5.The draft Regulations propose to incorporate so-called EU block exemption regulations (BERs) into UK law. Under the current arrangements, BERs exempt agreements from EU competition law if such agreements provide countervailing benefits for consumers. BEIS explains that seven BERs are currently in force, relating to vertical agreements, motor vehicles, research and development, technology transfers, specialisation, liner shipping and road, rail and inland waterway transport. Under the draft Regulations, powers to amend or revoke BERs which are currently held by the Commission will be transferred to the Secretary of State. Under the new arrangements, the Secretary of State will have the power to change BERs in consultation with the CMA by way of secondary legislation, subject to the negative procedure.
6.The draft Regulations revoke the EU Merger Regulation (139/2004) (“the EUMR”), so that after exit, the CMA will become solely responsible for investigating all mergers with anti-competitive effects in the UK market under the Enterprise Act 2002 (“the Enterprise Act”), ending the involvement of the Commission in this area.
7.The draft Regulations also propose amendments to ensure that when the Secretary of State intervenes in a merger under Part 3 of the Enterprise Act to protect the public interest, the point of reference for what the public interest means under section 58 of the Enterprise Act, including an understanding of public security, is the UK context, without reference to the EUMR. BEIS explains, however, that while the link to the definition of public security in the EUMR is removed, this is not intended to signal that what public security means for the UK is fundamentally different from its current meaning within the EU.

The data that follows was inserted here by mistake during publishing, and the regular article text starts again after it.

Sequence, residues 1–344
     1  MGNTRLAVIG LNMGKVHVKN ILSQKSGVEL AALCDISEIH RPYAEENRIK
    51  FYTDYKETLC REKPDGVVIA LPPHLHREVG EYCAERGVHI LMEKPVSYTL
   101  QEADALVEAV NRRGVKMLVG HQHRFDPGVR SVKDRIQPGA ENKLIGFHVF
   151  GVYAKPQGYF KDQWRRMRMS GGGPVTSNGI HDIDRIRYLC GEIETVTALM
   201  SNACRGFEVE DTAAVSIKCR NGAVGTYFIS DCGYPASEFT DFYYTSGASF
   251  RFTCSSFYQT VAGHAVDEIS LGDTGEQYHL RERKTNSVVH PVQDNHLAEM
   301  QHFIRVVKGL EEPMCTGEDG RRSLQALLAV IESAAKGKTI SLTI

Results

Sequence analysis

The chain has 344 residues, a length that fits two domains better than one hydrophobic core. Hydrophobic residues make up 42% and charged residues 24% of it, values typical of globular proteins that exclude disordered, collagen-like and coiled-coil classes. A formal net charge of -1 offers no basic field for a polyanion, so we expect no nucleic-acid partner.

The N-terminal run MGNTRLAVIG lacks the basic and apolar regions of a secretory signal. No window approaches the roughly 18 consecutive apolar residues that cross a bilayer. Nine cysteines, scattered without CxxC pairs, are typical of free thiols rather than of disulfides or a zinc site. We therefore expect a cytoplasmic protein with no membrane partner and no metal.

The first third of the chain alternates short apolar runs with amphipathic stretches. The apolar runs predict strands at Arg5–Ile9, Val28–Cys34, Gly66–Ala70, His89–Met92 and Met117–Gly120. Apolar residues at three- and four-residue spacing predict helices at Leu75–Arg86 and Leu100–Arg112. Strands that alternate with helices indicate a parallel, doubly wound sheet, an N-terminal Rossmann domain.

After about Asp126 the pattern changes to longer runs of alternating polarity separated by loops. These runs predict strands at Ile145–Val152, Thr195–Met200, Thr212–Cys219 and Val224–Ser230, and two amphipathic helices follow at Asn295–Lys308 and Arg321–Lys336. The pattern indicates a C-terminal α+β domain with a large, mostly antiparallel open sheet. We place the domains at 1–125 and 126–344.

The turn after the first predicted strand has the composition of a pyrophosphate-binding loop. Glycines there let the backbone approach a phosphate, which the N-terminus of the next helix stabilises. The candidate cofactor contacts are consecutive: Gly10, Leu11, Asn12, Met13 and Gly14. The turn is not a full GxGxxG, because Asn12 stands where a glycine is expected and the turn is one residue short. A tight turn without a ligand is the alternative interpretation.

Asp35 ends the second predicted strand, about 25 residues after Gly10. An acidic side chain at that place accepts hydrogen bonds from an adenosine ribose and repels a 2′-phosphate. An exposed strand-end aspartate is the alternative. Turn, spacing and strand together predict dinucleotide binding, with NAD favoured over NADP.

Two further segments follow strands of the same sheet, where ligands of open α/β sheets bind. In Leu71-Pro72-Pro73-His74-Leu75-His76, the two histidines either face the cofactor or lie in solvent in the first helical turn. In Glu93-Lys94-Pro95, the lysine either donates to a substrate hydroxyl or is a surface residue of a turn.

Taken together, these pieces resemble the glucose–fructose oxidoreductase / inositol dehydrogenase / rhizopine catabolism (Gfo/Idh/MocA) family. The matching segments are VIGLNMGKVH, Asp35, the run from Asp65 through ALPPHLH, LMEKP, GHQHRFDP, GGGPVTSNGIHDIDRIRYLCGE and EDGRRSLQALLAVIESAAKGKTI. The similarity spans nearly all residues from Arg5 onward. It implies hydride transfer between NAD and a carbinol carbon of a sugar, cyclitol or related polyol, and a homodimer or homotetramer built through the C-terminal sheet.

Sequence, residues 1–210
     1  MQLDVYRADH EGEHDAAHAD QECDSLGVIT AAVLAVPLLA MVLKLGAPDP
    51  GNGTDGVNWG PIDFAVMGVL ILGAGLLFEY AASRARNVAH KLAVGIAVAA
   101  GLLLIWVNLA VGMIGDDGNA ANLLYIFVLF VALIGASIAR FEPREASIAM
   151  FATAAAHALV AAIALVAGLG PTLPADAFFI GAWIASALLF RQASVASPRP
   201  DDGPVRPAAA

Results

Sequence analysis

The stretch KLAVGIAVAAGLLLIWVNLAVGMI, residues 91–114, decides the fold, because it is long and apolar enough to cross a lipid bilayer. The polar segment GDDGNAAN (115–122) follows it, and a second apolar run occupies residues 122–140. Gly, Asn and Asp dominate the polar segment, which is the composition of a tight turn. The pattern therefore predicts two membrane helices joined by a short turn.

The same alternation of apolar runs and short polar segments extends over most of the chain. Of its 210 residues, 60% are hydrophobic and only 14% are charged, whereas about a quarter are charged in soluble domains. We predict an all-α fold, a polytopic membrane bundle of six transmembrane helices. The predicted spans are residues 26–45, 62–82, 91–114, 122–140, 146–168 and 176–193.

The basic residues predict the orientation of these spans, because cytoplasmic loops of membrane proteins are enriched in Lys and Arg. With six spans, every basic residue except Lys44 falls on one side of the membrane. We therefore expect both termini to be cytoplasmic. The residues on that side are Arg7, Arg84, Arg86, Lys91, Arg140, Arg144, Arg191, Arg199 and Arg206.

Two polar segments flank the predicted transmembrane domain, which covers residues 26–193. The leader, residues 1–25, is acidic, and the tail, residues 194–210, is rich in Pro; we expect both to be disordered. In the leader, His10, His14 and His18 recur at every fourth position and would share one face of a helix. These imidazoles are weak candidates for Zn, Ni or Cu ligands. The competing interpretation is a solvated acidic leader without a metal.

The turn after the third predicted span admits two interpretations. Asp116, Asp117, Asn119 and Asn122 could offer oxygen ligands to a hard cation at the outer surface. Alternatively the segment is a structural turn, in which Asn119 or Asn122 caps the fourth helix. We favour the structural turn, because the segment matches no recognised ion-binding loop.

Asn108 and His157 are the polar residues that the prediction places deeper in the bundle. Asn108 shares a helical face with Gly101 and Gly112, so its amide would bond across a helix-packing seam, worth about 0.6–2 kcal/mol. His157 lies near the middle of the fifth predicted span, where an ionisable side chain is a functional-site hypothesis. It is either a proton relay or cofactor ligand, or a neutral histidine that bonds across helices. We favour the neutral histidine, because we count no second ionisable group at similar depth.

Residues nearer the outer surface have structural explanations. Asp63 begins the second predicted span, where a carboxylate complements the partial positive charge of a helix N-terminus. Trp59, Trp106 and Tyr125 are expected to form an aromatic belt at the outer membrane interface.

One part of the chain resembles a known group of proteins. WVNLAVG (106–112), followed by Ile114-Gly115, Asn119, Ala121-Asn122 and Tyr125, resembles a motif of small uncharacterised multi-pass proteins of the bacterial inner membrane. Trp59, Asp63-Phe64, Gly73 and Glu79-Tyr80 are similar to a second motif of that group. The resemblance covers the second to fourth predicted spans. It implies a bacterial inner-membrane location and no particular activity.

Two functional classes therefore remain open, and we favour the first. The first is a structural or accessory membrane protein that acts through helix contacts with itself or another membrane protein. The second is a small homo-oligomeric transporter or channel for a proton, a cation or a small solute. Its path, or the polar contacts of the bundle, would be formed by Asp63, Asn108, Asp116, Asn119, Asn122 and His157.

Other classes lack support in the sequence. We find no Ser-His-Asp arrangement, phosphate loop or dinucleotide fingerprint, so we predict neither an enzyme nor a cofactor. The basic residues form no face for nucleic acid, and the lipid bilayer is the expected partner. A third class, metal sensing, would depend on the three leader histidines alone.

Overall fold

8.The draft Regulations also make a number of transitional provisions which, according to BEIS, seek to prevent enforcement gaps under domestic law after exit. These provisions ensure, for example, that where a pre-exit decision by the Commission on a merger is annulled, the CMA is not ‘timed out’ in terms of its ability to investigate the merger.
9.The Minister has written to the Committee (see Appendix 1) to explain that the proposed changes “are not a definitive statement of the Government’s position on competition” and that while many of the amendments “do not depend on negotiations (because they represent the end-state after exit)”, many provisions “may change depending on separation and future partnership arrangements, including jurisdiction of live cases and investigation cooperation”.
10.The draft Regulations seek to prepare the UK competition regime for a potential ‘no deal’ exit. The Department says that there remains uncertainty about the final parameters of the future UK competition regime, as many of the provisions put forward in this instrument may need to change, depending on the terms of the UK’s withdrawal from the EU and the nature of any future partnership agreement with the EU.
11.Nevertheless, the proposed changes appear to be significant and include provisions on the continuation of pre-exit EU competition case law as decided by the CJEU in the UK after exit. The House may wish to explore further these issues, the impact of the draft Regulations and the nature of the UK’s future competition regime. We therefore draw the draft Regulations to the special attention of the House, as they give rise to issues of public policy likely to be of interest to the House.
1 Vertical agreements are those entered into between two or more firms operating at different levels of the market, for example, between a manufacturer and distributor.